Shots fired in U.S.-Pakistan clash

September 27, 2008 - 0:0

The United States military says U.S. and Afghan forces have exchanged gunfire with Pakistani troops across the border with Afghanistan.

A senior U.S. military official says a five-minute skirmish broke out after Pakistani soldiers fired warning shots near two U.S. helicopters.
No one was hurt in the incidents and the U.S. maintains its troops did not cross the border from Afghanistan.
Cross-border action by U.S.-led forces has angered Pakistan in recent weeks.
The latest incident took place along the Pakistani border with the eastern Afghan region of Khost, an area which is a hotbed of militant groups.
Forces from the U.S.-led coalition and the NATO-led International Security Assistance Force (Isaf) patrol the frontier, but Pakistan has been angered by reported U.S. operations across the border in pursuit of insurgents.
A BBC correspondent says the border between the two countries is very unclear and in effect is marked by a 3km-4km (2-2.5 mile) stretch of no-man's land.
NATO said the helicopters -- which belong to its ISAF mission -- came under fire from a Pakistani checkpoint.
A U.S. Central Command spokesman, Rear Admiral Greg Smith, said Pakistani soldiers at the checkpoint were observed firing on two U.S. OH-58 Kiowa helicopters that had been covering a patrol of Afghan and U.S. troops about a mile (1.6km) inside Afghanistan.
""The ground forces then fired into the hillside nearby that checkpoint, gained their attention, which worked,"" he said.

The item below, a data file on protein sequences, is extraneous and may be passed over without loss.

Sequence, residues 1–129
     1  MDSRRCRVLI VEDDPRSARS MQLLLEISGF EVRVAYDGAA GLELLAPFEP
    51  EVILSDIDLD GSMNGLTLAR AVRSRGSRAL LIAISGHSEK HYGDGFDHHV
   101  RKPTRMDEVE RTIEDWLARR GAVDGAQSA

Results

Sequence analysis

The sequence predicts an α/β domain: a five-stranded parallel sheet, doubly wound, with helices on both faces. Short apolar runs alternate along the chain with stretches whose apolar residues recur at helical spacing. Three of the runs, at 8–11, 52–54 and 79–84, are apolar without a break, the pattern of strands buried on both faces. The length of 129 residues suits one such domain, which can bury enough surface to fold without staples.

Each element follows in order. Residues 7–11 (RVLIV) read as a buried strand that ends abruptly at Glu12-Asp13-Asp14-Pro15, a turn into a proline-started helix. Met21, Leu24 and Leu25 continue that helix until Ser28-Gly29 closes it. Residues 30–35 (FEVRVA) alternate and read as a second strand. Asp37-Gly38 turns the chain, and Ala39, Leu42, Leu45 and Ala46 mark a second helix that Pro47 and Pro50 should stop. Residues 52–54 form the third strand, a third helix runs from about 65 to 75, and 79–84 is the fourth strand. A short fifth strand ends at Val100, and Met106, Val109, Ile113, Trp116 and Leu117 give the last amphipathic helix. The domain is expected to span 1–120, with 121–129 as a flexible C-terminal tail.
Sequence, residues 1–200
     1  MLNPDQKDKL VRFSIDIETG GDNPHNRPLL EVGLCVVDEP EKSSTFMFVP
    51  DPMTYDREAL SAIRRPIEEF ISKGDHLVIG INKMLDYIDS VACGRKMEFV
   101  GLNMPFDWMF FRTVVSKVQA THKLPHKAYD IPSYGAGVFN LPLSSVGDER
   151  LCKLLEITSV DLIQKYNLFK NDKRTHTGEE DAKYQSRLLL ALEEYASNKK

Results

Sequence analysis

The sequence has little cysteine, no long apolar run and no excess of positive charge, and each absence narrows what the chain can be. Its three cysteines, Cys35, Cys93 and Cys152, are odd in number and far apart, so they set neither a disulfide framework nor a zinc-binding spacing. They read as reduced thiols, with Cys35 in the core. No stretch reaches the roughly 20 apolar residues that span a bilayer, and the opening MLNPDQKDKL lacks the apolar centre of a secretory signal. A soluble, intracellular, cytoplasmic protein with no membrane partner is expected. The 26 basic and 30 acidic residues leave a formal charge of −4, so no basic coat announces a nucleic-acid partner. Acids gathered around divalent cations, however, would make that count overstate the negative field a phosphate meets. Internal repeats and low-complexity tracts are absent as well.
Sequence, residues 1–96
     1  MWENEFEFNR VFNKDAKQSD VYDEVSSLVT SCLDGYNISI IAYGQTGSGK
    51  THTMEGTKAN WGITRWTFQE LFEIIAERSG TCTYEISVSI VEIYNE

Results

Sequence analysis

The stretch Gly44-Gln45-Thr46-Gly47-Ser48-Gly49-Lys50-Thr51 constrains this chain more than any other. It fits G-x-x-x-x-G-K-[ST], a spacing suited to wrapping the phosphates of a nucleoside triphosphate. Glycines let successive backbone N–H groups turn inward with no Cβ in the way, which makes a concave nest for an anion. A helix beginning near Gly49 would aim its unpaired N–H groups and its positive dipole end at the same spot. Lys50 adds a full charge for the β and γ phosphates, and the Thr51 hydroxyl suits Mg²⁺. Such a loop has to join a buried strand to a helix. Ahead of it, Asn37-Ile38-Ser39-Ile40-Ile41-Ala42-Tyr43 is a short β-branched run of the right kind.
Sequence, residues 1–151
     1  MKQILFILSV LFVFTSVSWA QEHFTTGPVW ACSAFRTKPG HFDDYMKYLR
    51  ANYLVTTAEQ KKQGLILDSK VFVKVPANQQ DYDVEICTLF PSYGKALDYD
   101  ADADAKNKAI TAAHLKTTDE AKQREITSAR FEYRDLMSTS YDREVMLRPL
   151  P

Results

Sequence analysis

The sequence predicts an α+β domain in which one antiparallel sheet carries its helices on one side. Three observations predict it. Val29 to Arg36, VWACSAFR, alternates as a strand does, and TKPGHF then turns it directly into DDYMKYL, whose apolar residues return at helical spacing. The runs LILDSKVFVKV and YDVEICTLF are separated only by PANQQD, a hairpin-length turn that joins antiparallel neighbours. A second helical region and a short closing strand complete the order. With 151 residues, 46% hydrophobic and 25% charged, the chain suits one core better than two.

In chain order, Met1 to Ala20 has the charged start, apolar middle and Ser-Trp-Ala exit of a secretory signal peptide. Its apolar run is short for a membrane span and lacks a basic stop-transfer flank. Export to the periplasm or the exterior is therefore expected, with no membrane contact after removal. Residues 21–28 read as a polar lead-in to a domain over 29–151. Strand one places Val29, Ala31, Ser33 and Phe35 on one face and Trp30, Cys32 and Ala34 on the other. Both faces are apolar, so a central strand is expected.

""Unfortunately, though, the (Pakistani) unit decided to shoot down a hillside at our ground forces. Our ground forces returned fire.""
However, the Pakistani military gave a different account.
In a statement, commanders said troops fired warning shots at the helicopters when they strayed over the Pakistan border.
""When the helicopters passed over our border post and were well within Pakistani territory, our own security forces fired anticipatory warning shots,"" a statement said.
""On this, the helicopters returned fire and flew back.""
In New York, Pakistan's new president gave another version of events when he said that Pakistan forces had fired ""flares"" to warn the helicopters that were near the border.
Later, in an address to the UN General Assembly, President Asif Ali Zardari referred to the cross-border tension when he said that his country could not allow its territory to ""be violated by our friends"".
An ISAF spokesman said he believed the incident was a misunderstanding, but he was certain the helicopters had been operating on the Afghan side of the border.
The BBC's Syed Shoaib Hasan, in Islamabad, says that the border between Afghanistan and Pakistan is very unclear.
There is an imaginary border called the Durand line which each side marks differently.
Pakistan says that the area of no-man's land along the border is its territory and Afghanistan makes similar claims.
Tension between Washington and Islamabad has risen since 3 September, when the U.S. conducted a ground assault in Pakistani territory, its first, targeting what it said was a militant target in the tribal region of South Waziristan.
Pakistan reacted angrily to the action, saying 20 innocent villagers had been killed by U.S. troops.
Local officials have said that on two occasions since then Pakistani troops or tribesmen have opened fire to stop U.S. forces crossing the border. The claims were not officially confirmed.
On Wednesday, a drone believed to be operated by the CIA crashed inside Pakistan.
The U.S. and NATO have called on Pakistan to do more to curb militants operating in the border area. (Source: BBC)